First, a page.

submitted by 4acoin to u/4acoin [link] [comments]

Bitcoin 101 Elliptic Curve Cryptography Part 4 Generating ... Public Key Encryption: Elliptic Curve Ciphers Bitcoin Private and Public Keys Explained Simply - YouTube Encryption Basics  Public Key Encryption  SSL - YouTube Introduction to Bitcoin with Yours Bitcoin, Lecture 5: ECDSA

ECDSA vs RSA. ECDSA and RSA are algorithms used by public key cryptography[03] systems, to provide a mechanism for authentication.Public key cryptography is the science of designing cryptographic systems that employ pairs of keys: a public key (hence the name) that can be distributed freely to anyone, along with a corresponding private key, which is only known to its owner. I can't find a similar tool (that works) for ECDSA cryptography where I can play around with public and private keys, and do digital signatures on messages, and test signature verification. I've found these 2 sites that claim to do this but didn't work for me: Understanding How ECDSA Protects Your Data.: Everyone has probably heard of ECDSA in one form or another. Some people will better recognize it when I say "Digital signature", and some people will just have no idea what I'm talking about.I once tried to understand how ECDSA works, but it's hard… Bitcoin’s protocol uses what’s called the Elliptic Curve Digital Signature Algorithm (ECDSA) to create a new set of private key and corresponding public key. The public key is then used with a hash function to create the public address that Bitcoin users use to send and receive funds. The private key is kept secret and is used to sign a digital transaction to make sure the origin of the ... ECDSA_sign To use this authentication mechanism, the client MUST possess a certificate containing an ECDSA-capable public key and signed with ECDSA. pem Add the public and private key to the key management and configure your producers to retrieve public keys and consumers clients to retrieve private keys. from_string (secret, curve = SECP256k1) public_key = private_key. PHP secp256k1_ec_pubkey ...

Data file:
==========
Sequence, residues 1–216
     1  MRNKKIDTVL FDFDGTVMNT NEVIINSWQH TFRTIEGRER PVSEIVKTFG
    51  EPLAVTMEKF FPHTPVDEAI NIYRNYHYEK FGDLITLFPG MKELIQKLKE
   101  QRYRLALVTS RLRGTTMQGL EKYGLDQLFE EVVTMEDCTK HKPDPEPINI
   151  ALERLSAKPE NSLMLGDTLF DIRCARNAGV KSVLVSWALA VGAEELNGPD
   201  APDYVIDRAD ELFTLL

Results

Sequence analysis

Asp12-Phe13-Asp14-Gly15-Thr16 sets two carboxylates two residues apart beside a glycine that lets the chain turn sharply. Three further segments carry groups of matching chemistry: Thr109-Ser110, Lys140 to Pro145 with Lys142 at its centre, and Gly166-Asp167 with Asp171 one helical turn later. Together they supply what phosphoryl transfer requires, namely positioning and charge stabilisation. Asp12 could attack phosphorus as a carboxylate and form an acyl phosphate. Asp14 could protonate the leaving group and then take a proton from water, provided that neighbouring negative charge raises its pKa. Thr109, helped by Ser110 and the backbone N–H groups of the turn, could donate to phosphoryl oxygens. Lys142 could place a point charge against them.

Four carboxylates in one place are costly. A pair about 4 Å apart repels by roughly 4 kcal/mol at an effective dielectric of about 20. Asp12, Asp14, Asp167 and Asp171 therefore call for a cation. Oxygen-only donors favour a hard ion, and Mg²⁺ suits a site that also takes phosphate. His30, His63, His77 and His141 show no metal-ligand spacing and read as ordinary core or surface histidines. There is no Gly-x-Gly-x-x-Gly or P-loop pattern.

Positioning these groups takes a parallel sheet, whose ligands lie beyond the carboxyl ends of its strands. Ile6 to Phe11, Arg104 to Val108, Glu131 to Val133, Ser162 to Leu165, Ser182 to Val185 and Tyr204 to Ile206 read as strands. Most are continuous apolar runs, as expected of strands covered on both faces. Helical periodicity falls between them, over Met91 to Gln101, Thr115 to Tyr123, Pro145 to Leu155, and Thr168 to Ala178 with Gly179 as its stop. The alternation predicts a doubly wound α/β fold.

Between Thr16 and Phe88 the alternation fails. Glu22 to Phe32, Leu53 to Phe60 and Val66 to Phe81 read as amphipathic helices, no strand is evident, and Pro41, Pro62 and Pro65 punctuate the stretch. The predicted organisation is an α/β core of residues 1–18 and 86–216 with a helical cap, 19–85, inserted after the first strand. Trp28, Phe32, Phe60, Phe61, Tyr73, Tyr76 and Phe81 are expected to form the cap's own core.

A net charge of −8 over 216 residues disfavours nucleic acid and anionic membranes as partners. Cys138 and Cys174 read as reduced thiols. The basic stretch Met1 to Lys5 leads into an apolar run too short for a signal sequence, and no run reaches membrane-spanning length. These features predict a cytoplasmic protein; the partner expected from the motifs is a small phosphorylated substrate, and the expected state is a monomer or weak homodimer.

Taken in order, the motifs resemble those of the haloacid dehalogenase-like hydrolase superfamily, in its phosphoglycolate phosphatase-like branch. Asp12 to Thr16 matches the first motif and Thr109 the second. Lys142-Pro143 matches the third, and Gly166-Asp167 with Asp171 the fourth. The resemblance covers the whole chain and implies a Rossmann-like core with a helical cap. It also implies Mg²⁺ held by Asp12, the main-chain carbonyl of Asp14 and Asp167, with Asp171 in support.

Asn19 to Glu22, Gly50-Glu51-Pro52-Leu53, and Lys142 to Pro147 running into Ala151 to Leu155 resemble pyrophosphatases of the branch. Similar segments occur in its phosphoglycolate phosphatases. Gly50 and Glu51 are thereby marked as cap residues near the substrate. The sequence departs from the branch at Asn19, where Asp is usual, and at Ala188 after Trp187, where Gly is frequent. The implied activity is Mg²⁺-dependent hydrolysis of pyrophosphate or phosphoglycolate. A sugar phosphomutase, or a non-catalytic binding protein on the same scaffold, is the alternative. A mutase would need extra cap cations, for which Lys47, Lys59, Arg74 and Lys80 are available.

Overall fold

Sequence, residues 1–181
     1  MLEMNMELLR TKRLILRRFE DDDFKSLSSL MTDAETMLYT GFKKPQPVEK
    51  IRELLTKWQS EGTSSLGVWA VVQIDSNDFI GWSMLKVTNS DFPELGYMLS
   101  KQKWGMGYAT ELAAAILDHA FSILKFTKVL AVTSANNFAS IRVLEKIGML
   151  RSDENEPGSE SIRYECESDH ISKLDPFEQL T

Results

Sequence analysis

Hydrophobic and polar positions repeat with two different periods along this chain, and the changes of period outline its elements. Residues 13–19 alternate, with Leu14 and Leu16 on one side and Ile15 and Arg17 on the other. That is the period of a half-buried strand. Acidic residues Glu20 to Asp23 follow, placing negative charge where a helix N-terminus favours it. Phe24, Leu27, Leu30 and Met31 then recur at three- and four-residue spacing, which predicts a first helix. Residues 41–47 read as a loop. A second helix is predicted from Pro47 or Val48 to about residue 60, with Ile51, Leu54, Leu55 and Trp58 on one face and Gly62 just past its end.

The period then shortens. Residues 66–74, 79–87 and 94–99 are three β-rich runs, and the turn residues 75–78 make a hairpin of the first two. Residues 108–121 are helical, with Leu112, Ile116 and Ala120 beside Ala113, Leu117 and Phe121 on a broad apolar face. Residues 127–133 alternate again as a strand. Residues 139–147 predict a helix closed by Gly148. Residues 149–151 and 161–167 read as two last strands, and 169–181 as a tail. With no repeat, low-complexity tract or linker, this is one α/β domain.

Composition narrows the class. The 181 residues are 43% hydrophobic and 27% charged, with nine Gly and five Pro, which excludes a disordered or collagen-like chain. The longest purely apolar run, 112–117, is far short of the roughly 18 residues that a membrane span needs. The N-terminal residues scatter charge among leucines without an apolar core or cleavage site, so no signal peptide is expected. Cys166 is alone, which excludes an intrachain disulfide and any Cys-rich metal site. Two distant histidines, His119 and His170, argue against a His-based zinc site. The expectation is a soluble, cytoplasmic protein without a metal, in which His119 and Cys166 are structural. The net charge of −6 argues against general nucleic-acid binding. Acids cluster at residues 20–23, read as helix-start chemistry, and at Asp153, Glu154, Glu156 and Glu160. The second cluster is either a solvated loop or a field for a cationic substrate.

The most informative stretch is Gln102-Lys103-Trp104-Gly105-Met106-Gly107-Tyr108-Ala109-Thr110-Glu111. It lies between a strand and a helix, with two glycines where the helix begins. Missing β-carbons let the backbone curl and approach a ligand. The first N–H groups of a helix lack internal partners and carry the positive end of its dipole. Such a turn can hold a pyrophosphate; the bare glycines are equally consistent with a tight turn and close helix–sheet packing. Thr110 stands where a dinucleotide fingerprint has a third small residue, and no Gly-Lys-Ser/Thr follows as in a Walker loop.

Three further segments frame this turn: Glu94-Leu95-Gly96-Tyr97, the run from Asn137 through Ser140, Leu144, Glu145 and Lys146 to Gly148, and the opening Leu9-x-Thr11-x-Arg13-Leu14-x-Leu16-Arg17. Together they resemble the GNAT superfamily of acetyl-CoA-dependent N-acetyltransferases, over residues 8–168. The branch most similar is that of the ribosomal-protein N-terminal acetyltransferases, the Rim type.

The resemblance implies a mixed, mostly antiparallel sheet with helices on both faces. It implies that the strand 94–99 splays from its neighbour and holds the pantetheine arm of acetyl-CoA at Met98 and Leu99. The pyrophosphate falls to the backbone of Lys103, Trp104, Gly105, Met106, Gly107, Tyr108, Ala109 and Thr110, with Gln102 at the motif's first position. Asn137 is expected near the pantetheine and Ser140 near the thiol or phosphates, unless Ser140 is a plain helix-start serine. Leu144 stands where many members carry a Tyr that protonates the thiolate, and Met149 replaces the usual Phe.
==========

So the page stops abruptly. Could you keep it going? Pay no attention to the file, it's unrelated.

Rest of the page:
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Bitcoin 101 Elliptic Curve Cryptography Part 4 Generating ...

Bitcoin 101 - Quindecillions & The Amazing Math Of Bitcoin's Private Keys - Duration: 23:51. ... Fast Secure Two Party ECDSA Signing - Duration: 22:08. TheIACR 1,663 views. 22:08 . How Bitcoin ... Vídeo original: https://youtu.be/iB3HcPgm_FI Welcome to part four in our series on Elliptic Curve Cryptography. I this episode we dive into the development o... Working with private keys is also a risk, because if anyone were to obtain a private key you own, they could access your coins. Therefore, you must take every precaution if you are exporting them. Welcome to part four in our series on Elliptic Curve Cryptography. I this episode we dive into the development of the public key. In just 44 lines of code, w... How do you slow down hackers and provide equal access to everyone on earth? Not easy. But Bitcoin's solution is devilishly simple, employing outrageously big...